Sunday, February 28, 2016

Guest Post: "How to Succeed as an Indie Author" by Debbi Mack

Please welcome author Debbi Mack to the blog..

How to Succeed as an Indie Author

Thanks, Kevin, for giving me the opportunity to post on your blog!

The indie author life was something I stumbled into an accidentally. At the time that I self-published my first novel IDENTITY CRISIS in 2009, I’d already seen that novel released in 2005 by a small press and go out of print in early 2006. During the intervening time, I wrote a sequel and two standalone novels, all the while seeking an agent or another (hopefully more stable) small publisher.

When I decided to re-release the novel on my own, I had no grand expectations of making money off it. Frankly, I viewed the move as something of a gamble. But I chose to do it as a means of establishing credentials as a fiction author other than those I’d obtained by having my first short story published in the CHESAPEAKE CRIMES anthology (which, ironically, had also been published through the same defunct small press that had issued my novel).

So following the lead of the anthology’s editor, I re-released my first novel in print through Lulu. At around that time, I became aware of Kindle publishing. Based on what I’d read, it sounded like a no-lose proposition. I decided to put my work up on Kindle, figuring I’d probably pick up a few extra bucks.
To make a long story short, I discovered that if I set my price low enough, I could make more money through volume sales than I could if I charged a higher price. Based on this strategy, I was actually able to make some decent money but not enough to live on. However, my book was getting good reader and other reviews. That along with consistent marketing caused my ebook sales to rise high enough so that my first novel hit the New York Times ebook bestseller list in March 2011.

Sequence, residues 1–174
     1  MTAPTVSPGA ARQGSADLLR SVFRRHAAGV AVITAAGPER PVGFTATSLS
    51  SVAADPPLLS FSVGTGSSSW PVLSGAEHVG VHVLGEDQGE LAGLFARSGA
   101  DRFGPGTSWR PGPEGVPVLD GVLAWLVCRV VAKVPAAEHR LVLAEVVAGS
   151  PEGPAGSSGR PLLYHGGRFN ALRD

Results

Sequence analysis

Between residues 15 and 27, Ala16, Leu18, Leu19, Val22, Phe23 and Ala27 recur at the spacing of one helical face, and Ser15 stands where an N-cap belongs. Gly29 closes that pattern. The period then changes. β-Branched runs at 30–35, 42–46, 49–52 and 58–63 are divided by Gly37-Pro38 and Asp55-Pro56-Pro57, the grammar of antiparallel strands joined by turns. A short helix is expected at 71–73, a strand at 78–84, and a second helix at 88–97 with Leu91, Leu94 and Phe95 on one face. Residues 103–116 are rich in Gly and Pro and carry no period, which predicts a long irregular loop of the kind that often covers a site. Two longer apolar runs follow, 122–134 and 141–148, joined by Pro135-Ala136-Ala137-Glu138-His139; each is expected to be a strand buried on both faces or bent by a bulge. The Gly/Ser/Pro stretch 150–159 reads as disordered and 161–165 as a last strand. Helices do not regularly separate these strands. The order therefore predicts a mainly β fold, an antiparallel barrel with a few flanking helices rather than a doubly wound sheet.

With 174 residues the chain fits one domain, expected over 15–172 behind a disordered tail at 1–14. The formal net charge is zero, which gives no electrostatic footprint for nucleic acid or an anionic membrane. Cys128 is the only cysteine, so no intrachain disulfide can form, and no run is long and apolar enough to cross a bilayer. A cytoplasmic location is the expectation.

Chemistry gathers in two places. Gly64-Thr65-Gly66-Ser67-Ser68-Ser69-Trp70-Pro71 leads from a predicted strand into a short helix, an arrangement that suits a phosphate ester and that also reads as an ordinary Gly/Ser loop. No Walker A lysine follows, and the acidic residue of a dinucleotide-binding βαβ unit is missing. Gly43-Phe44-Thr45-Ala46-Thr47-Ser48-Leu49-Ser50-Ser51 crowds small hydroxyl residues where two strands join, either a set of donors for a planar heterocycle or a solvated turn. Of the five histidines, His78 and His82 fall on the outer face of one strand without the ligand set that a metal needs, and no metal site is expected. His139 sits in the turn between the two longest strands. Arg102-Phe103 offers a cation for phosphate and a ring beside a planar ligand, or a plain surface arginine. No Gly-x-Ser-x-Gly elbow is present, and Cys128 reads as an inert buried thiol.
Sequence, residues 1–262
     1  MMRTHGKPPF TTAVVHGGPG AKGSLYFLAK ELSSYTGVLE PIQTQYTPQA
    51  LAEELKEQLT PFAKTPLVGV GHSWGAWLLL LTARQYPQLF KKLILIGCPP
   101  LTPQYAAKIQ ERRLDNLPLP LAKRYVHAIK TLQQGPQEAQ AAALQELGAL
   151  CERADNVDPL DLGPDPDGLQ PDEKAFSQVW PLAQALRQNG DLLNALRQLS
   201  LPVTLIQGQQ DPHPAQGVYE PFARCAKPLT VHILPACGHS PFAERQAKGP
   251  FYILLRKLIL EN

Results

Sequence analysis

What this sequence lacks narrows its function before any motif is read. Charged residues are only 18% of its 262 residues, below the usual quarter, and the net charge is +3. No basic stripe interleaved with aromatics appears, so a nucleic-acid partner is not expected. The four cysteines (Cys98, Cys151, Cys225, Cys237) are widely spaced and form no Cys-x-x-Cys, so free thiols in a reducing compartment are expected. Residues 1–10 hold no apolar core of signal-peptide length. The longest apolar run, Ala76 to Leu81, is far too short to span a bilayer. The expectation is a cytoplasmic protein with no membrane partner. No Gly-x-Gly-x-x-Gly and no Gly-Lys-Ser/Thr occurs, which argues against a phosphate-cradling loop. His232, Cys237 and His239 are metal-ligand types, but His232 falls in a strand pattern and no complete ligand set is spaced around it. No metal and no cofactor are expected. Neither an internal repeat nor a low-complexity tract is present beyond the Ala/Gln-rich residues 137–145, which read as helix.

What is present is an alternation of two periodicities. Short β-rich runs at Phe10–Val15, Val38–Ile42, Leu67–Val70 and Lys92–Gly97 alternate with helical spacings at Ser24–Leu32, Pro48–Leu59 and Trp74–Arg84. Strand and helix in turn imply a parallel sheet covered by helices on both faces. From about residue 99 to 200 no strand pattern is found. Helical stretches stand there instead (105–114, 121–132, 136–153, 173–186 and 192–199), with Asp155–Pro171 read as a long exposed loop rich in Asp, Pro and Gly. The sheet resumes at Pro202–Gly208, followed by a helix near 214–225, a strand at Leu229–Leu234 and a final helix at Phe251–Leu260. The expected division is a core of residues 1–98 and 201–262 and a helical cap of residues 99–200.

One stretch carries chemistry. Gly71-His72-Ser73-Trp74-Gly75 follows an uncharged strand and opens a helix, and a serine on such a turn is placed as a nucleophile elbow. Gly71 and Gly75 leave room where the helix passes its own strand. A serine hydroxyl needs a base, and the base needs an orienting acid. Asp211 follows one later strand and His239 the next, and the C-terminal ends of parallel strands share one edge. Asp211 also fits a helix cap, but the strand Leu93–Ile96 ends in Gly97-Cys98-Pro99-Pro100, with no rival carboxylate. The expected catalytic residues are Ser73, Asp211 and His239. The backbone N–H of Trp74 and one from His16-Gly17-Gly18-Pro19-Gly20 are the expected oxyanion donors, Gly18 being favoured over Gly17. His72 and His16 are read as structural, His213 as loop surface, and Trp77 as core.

By that time, I’d released a sequel and both books managed to become Kindle Top 100 bestsellers in the U.S. and the U.K. (which, at that time, was just entering the ebook market). Between the two books and my short story anthology, I was making enough money to live on. I wasn’t a millionaire by a long shot, but my earnings were more than I’d ever imagined I could make off self-published fiction.

These were the early boom days of ebook publishing and marketing. Things have changed significantly since then. The blessings that digital publishing offer us as authors have a decidedly dark side in terms of the sheer competition for readers’ eyeballs.

What this has done is force authors to choose the smartest and most cost-effective ways to market themselves and their work. This is not just a matter of asking people repeatedly to buy your book. It’s a matter of creating the work itself as best you can, while working to establish a brand.

In other words, if you really want to succeed as a fiction author (whether self-published or not), you need to think in terms of the long haul. Focusing on writing the best thing you can is the most important part. But you can’t expect your book to sell itself. There are any number of steps you should take to effectively market your book. Simply writing a book and putting it out there will not make you an overnight success. Most “overnight success” stories are the result of years of work.